South Africa President Cyril Ramaphosa says he knows why the recent violence in South Africa is happening in his country. While he’s not saying what he knows, many on the continent are already pointing fingers at the ‘why’ question.
Days following the jailing of former president Jacob Zuma for contempt of court, many protesters form his KwaZulu Natal stronghold took to the streets then started looting shops in one of the worst mayhems experienced in th young country’s history. Zuma was ordered jailed because he refused to attend a corruption investigation of his administration. The former president left office in disgrace following allegations of corruption three years ago. But considering the current state of the country’s economy (especially in the midst of a pandemic), and with unemployment among the youth at an abysmal level, it is quite conceivable that many of the protesters are taking advantage of the political turmoil involving their kinsman to commit crimes against innocent small businesspeople.
In his first public remarks since the anti-monarchy protests began last month, Eswatini King Msawti III has described them as "satanic".He said they had taken the country backwards and he announced a $35m (£25m) fund to help pay for repairs to damaged property.At least 50 people died in the disturbances in Africa's last absolute monarchy. On Friday, police fired tear gas and water cannons at pro-democracy protesters in the second biggest city, Manzini. Opposition supporters called for the demonstration despite being invited by King Mswati III to a meeting to discuss their grievances. Meanwhile, acting Prime Minister Temba Masuku said the "government has been following these protests" and heard their demands."We will be working with Parliament and all concerned stakeholders to action them accordingly," Eswatini's government quoted Masuku as saying on Twitter.
By Peter Uduehi
Ontario premiere Doug Ford has extended the province’s state of emergency by another 30 days until early May due to the novel coronavirus which produced a scare around the world in late February.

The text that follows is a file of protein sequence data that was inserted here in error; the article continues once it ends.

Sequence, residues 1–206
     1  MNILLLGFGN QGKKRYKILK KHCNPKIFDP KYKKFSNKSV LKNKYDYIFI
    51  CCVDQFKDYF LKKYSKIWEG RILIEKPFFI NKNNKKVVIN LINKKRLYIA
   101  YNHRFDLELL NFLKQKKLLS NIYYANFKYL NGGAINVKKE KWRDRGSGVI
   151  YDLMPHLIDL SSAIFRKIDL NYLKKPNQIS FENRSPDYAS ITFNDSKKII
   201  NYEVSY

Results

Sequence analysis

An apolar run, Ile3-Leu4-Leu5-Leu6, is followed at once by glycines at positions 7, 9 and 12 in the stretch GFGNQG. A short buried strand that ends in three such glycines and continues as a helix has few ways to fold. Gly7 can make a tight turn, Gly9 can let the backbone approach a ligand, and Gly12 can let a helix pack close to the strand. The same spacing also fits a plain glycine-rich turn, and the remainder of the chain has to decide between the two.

But nobody knows when schools are to realistically reopen given the deadly nature of the Covid-19, the World Health Organisation designation for the virus..
For many African parents, in lockdown with their children during this time, “this has been an eye-opener for me on many levels”, notes Ghanaian-born Toronto resident Joseph Owusu.
He said the restricted movement of persons due to the pandemic has been a blessing in disguise.
“Here in Canada, we work like crazy with little time for family. I love the fact that my children are constantly within an earshot of me these times...I’m cooking...actually doing a lot of cooking for them, doing a lot of things with them, not because I’m the stay-away-dad type, but because I do more things with them now than before and I’m enjoying these moments,” Owusu explains.
“As for my wife, it’s also been a blessing in disguise,” he stressed, adding “these relaxing times have offered us more opportunities to bond more and relate more for the benefit of our relationship.”
Joseph Bandera, Toronto-resident of Zimbabwean extraction, could not agree more.
“My wife and I are relaxing more too and taking our time to know each other better instead of the rush-rush rat race we were in before coronavirus lockdown,” he said. He added: “these days make it better to listen to each other more and I feel like this is how life should be anyway”.
In the meantime, some children (engaged now for several weeks with schoolwork at home via the internet as they respond to challenges from their teachers), are getting acquainted with distant learning.
“One new thing I learned about my son is that he is smarter than I thought he was before Covid-19 shutdown,” says Bandera.
“With this shutdown,” he continued, “ have e had enough time to give a critical analysis of many things around me,” noting: “usually I would do the things I needed to do around the house and in life because they were things I just needed to do, like taking my kids to school, preparing lunch for them, making sure their homework is done, etcetera...but now I am involved in the process of their education because they’re full-time at home with me. And I can see that my son is smarter that I thought.” he reiterated. “Process makes a difference and this shutdown is giving me a lot to process.”